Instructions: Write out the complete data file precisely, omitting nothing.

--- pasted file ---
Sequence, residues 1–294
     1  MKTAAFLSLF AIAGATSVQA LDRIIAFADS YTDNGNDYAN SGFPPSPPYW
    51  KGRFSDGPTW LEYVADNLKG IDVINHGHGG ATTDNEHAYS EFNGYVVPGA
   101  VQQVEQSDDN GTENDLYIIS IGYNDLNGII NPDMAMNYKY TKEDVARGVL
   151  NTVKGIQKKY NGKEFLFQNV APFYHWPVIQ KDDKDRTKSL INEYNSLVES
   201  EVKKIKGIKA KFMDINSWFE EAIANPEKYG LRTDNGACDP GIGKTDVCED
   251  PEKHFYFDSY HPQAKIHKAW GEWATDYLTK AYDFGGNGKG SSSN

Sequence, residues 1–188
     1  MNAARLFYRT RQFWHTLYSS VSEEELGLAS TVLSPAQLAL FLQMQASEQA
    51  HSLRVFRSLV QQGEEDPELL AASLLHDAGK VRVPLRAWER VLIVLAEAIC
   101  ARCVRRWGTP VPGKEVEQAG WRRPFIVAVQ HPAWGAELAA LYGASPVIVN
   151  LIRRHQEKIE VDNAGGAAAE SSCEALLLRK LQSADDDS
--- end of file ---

Sequence, residues 1–294
     1  MKTAAFLSLF AIAGATSVQA LDRIIAFADS YTDNGNDYAN SGFPPSPPYW
    51  KGRFSDGPTW LEYVADNLKG IDVINHGHGG ATTDNEHAYS EFNGYVVPGA
   101  VQQVEQSDDN GTENDLYIIS IGYNDLNGII NPDMAMNYKY TKEDVARGVL
   151  NTVKGIQKKY NGKEFLFQNV APFYHWPVIQ KDDKDRTKSL INEYNSLVES
   201  EVKKIKGIKA KFMDINSWFE EAIANPEKYG LRTDNGACDP GIGKTDVCED
   251  PEKHFYFDSY HPQAKIHKAW GEWATDYLTK AYDFGGNGKG SSSN

Sequence, residues 1–188
     1  MNAARLFYRT RQFWHTLYSS VSEEELGLAS TVLSPAQLAL FLQMQASEQA
    51  HSLRVFRSLV QQGEEDPELL AASLLHDAGK VRVPLRAWER VLIVLAEAIC
   101  ARCVRRWGTP VPGKEVEQAG WRRPFIVAVQ HPAWGAELAA LYGASPVIVN
   151  LIRRHQEKIE VDNAGGAAAE SSCEALLLRK LQSADDDS